Flint, Michigan U.S.A. David Buick started the Buick Motor Car Company in Detroit in 1903. The first design was comparatively similar to conventional automobiles of the time. In 1909 a Buick driven by Bob Burman won the first race held at Indianapolis Motor Speedway and sales were boosted to over 30,000 autos by the following […]
Wingspan: 41 ' 4"
Top Speed: 75 mph (120 km/hr)
Gr. Weight: 2050 lbs (930 kg)
Custom-built for the editor of “Collier’s Weekly,” this aircraft was test flown in July 1913. It may have featured the first self-starting engine on an airplane. The wings and portion of the tail in our Museum are all that remain. Based on the design, we initially thought it was a French Breguet. Measuring the components against Burgess-Collier drawings showed them to be an exact match.
Engine: Gnome & Le Rhone Rotaries
Wingspan: 43 ' 11"
Top Speed: 65 mph (104 km/hr)
Gr. Weight: 1612 lbs (731 kg)
At the start of the War, the Caudron was in mass production and used by the French army as a trainer and observation aircraft. For these reasons it was adopted for use by the Allies. Although a wing warper, it was very easy to fly and was removed from the front lines to become a trainer. Our example was built from one original wing panel and some pieces of cowling. It lifted regularly for many years but is currently awaiting engine repairs and new fabric.
Wingspan: 15 ' 8"
Octave Chanute pioneered glider flight in the United States. While our reproduction is one of his weight shift efforts, he primarily focused on developing mechanized control systems. He and his assistants made over 1000 flights between 1897 and 1898 and the Wrights consulted him as they developed their machines. Our reproduction was built by E. Gordon Bainbridge in 1980.
Cleveland, Ohio U.S.A. Built as a small copy of the popular Chandler motor car, the Cleveland was a slightly more affordable version. It had a 6-cylinder valve-in-head engine and could be purchased for $1,490 to $1,990 as opposed to the Chandler which cost between $1,595 and $2,395.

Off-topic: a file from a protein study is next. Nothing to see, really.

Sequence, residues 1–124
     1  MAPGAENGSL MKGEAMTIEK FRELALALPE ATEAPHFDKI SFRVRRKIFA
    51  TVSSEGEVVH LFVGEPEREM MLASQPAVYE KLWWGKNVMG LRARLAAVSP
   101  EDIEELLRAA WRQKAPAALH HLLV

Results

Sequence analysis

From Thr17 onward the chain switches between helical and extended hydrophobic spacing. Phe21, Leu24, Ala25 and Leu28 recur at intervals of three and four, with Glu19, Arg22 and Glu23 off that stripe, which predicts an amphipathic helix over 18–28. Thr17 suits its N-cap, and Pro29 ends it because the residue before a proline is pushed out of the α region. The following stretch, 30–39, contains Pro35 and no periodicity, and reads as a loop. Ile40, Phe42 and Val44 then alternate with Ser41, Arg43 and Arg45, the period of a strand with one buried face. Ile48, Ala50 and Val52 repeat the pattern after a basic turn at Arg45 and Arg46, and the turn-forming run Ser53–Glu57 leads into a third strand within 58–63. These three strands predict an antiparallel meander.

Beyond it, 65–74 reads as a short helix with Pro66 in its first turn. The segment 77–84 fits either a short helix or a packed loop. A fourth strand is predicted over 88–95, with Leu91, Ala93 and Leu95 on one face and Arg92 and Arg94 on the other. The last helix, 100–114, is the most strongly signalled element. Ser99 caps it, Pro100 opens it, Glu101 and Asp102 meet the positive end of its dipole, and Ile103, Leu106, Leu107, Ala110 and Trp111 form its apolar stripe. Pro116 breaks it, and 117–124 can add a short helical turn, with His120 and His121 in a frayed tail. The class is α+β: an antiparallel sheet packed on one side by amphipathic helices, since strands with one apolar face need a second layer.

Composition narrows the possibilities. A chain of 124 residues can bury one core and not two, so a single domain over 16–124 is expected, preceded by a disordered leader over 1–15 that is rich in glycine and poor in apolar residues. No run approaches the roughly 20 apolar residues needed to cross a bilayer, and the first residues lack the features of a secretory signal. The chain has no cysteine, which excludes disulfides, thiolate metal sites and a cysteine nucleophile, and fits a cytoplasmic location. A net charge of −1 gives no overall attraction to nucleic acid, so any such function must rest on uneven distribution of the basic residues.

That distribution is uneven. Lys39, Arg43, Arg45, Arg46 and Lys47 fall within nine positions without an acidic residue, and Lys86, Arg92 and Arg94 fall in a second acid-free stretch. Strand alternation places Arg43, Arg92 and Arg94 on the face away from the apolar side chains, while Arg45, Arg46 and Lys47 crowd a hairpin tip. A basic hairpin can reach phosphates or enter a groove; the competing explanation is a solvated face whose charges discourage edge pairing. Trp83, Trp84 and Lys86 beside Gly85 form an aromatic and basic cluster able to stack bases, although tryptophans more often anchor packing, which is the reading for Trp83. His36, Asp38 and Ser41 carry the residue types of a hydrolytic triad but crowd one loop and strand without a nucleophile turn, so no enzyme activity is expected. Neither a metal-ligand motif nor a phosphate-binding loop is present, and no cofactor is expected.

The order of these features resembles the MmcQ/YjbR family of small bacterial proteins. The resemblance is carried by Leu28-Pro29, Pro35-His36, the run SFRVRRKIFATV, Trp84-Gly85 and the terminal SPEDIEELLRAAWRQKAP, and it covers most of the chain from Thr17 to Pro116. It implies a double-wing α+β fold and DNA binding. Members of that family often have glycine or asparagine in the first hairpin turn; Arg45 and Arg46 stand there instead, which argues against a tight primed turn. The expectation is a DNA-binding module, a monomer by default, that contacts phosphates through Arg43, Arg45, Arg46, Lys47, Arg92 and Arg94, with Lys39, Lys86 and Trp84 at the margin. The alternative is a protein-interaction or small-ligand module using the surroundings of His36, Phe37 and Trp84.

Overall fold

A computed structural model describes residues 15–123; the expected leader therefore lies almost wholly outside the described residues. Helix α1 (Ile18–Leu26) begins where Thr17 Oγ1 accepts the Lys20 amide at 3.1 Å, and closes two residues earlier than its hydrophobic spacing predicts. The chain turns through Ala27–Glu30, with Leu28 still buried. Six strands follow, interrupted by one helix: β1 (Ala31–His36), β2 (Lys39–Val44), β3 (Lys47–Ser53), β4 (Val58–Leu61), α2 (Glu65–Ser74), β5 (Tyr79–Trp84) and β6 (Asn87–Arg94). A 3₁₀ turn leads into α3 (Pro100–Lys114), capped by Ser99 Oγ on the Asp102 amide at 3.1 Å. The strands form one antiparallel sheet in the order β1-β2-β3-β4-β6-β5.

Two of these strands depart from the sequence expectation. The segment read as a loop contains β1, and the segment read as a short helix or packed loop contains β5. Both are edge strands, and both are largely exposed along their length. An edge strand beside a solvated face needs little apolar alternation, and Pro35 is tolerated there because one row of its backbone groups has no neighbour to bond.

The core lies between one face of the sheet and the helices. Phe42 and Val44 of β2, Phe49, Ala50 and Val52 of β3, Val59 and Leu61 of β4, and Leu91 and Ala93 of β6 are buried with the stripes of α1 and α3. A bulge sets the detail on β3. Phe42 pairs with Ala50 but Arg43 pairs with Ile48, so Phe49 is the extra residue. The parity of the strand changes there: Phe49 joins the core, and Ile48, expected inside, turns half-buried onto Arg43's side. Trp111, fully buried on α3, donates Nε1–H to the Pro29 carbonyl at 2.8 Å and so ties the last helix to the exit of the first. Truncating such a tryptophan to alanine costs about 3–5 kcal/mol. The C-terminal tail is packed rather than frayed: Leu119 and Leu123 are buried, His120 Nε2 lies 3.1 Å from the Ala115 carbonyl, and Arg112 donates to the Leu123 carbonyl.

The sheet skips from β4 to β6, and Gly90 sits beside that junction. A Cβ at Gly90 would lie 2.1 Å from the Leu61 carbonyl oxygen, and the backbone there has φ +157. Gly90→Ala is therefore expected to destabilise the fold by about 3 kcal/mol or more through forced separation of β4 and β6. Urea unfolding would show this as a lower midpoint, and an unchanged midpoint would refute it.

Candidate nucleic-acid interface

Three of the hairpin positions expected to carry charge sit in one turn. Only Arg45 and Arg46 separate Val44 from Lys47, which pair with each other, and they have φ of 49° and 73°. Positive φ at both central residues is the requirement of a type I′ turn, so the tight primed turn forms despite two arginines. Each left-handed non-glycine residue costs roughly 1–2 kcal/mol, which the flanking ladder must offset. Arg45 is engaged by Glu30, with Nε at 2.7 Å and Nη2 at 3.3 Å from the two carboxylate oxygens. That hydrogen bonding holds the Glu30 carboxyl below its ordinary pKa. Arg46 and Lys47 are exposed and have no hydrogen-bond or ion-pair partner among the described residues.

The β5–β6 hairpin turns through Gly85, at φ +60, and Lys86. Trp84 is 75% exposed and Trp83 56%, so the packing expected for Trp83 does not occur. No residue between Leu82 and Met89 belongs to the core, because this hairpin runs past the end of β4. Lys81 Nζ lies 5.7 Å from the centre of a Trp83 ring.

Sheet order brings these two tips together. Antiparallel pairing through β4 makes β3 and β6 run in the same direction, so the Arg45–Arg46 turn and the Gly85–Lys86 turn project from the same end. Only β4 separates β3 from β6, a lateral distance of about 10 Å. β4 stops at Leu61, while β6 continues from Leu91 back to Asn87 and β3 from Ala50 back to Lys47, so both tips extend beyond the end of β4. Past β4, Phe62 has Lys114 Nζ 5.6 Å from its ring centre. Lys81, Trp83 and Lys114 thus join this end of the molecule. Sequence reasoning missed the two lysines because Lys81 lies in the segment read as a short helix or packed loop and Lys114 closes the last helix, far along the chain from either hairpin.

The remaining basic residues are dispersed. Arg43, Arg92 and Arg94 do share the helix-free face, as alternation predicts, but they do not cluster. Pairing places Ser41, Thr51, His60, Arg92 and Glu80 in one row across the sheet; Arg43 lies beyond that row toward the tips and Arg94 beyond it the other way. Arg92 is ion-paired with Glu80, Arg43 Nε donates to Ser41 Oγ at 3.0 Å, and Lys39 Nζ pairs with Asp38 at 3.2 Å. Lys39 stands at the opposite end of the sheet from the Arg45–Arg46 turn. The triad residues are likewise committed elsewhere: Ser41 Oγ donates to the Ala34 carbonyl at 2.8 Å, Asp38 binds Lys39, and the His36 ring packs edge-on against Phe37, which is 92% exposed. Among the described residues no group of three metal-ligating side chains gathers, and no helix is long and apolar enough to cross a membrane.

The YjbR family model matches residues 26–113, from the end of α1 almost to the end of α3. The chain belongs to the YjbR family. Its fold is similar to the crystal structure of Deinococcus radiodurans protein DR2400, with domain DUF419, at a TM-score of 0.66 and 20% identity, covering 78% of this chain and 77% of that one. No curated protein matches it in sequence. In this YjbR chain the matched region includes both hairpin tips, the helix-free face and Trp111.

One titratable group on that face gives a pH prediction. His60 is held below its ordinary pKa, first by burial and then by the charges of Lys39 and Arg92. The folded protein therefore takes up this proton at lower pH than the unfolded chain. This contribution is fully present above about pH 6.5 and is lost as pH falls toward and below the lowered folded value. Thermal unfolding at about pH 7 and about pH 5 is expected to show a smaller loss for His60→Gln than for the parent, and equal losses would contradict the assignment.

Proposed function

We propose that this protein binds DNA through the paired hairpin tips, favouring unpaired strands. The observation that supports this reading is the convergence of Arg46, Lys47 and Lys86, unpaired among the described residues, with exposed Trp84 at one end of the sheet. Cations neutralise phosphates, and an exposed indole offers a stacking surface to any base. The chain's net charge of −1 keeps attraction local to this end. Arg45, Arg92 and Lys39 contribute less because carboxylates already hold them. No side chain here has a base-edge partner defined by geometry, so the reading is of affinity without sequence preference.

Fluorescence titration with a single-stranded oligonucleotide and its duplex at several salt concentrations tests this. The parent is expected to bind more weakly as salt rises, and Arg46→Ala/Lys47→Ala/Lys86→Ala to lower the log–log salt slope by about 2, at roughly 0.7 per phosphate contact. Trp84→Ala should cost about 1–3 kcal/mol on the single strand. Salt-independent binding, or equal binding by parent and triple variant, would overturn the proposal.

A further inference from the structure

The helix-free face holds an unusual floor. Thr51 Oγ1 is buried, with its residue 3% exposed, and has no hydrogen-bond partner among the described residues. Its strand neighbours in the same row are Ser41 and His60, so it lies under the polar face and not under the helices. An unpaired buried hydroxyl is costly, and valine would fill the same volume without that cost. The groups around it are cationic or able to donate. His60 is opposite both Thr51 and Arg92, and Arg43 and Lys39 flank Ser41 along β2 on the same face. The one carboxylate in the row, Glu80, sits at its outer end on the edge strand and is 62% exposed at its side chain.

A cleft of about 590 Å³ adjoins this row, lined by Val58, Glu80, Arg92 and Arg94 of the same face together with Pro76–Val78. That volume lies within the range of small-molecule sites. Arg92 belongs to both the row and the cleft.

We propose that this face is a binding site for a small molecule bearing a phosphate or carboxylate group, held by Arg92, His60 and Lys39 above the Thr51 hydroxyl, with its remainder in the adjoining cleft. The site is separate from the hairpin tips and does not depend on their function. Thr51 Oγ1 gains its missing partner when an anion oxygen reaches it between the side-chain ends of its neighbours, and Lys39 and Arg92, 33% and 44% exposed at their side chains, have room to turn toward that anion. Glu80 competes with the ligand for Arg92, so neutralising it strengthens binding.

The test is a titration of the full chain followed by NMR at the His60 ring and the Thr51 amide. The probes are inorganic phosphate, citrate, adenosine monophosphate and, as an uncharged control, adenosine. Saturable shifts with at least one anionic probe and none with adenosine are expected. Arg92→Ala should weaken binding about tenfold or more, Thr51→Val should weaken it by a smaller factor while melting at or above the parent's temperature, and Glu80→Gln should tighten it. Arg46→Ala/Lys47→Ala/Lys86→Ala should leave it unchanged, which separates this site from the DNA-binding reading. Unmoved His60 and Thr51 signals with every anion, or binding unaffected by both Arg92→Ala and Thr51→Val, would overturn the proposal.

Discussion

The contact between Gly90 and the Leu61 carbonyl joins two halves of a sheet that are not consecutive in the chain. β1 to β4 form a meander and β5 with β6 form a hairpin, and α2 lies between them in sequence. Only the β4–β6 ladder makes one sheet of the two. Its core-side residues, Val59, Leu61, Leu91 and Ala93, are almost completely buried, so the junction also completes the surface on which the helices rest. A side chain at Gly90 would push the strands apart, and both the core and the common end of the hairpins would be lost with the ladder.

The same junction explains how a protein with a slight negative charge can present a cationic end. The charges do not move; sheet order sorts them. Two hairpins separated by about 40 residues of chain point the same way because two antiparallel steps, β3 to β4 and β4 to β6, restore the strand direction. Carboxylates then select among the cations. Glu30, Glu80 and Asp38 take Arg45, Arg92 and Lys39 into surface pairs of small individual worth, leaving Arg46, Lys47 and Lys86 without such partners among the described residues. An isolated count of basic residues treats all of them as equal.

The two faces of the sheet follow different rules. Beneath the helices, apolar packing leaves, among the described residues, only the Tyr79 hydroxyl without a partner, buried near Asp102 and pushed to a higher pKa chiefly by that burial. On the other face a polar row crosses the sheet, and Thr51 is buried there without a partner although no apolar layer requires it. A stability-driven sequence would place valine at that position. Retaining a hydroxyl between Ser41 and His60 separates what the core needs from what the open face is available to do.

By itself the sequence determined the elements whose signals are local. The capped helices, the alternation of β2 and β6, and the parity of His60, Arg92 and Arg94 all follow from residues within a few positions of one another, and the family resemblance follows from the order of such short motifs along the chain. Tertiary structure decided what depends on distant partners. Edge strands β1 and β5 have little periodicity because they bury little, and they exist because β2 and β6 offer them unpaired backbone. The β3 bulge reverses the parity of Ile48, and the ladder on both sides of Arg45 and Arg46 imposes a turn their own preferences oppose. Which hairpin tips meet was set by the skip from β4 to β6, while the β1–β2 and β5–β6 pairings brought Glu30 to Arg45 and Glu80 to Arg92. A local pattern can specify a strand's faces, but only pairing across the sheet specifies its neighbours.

The Columbia Automobile Company built a wide variety of cars including runabouts, surreys, tonneaus, cabriolets, broghams, delivery wagons police patrols and ambulances. They produced both gas and electric powered vehicles and had offices in New York City, Boston and Chicago.
Engine: Franklin 4AC-199
Wingspan: 27 '
Top Speed: 145 mph (233 km/hr)
Gr. Weight: 1305 lbs (592 kg)
The 1939 Culver Cadet was an improvement over its predecessor, the Culver Dart. It was designed by Al Mooney and incorporated a partial monocoque fuselage and retractable landing gear which greatly improved speed. The tiny aircraft seated two, side by side. This 1941 LFA Cadet included a 90 HP 4-cylinder Franklin engine with starter and a full electrical system.
Engine: Curtiss Challenger
Wingspan: 39 ' 1"
Top Speed: 102 mph (164 km/hr)
Gr. Weight: 2700 lbs (1225 kg)
The Fledgling was inspired by a U.S. Navy request for a new training aircraft. The Curtiss design was chosen by the Navy as it easily was modified to fly on land or on water. The twin open cockpits, rugged build, gentle handling qualities and powerful Wright Whirlwind engine made it an ideal military trainer. The civilian version, the Fledgling, incorporated all the same qualities but with the less powerful Curtiss Challenger engine.
Wingspan: 43 ' 7"
Top Speed: 75 mph (120 km/hr)
Gr. Weight: 1920 lbs (871 kg)
The Curtiss JN series of training aircraft was designed for pioneer American aviator Glenn Curtiss by Benjamin Thomas, a former designer with Sopwith in England. Pilots trained in “Jennys” were the US contribution to WWI in the air. Thousands were built and after the War they became the favorite steed of the barnstormers. This “H” model was assembled from an incomplete airframe, missing parts that were discovered, and other JN-4s. It has been flying since 1969 and was totally restored to its current condition in 2001.
Wingspan: 36 '
Top Speed: 45 mph (72 km/hr)
Glenn Curtis, a pioneer aviator and Wright Competitor, was based in Hammondsport, NY. He came to aviation from motorcycle and marine interests. Cole Palen built this reproduction of his Model A pusher in 1957. It was damaged in a crash, restored in 1975 and has been exhibited aboard the Intrepid Air, Space, and Sea Museum and at the Niagara Aerospace Museum.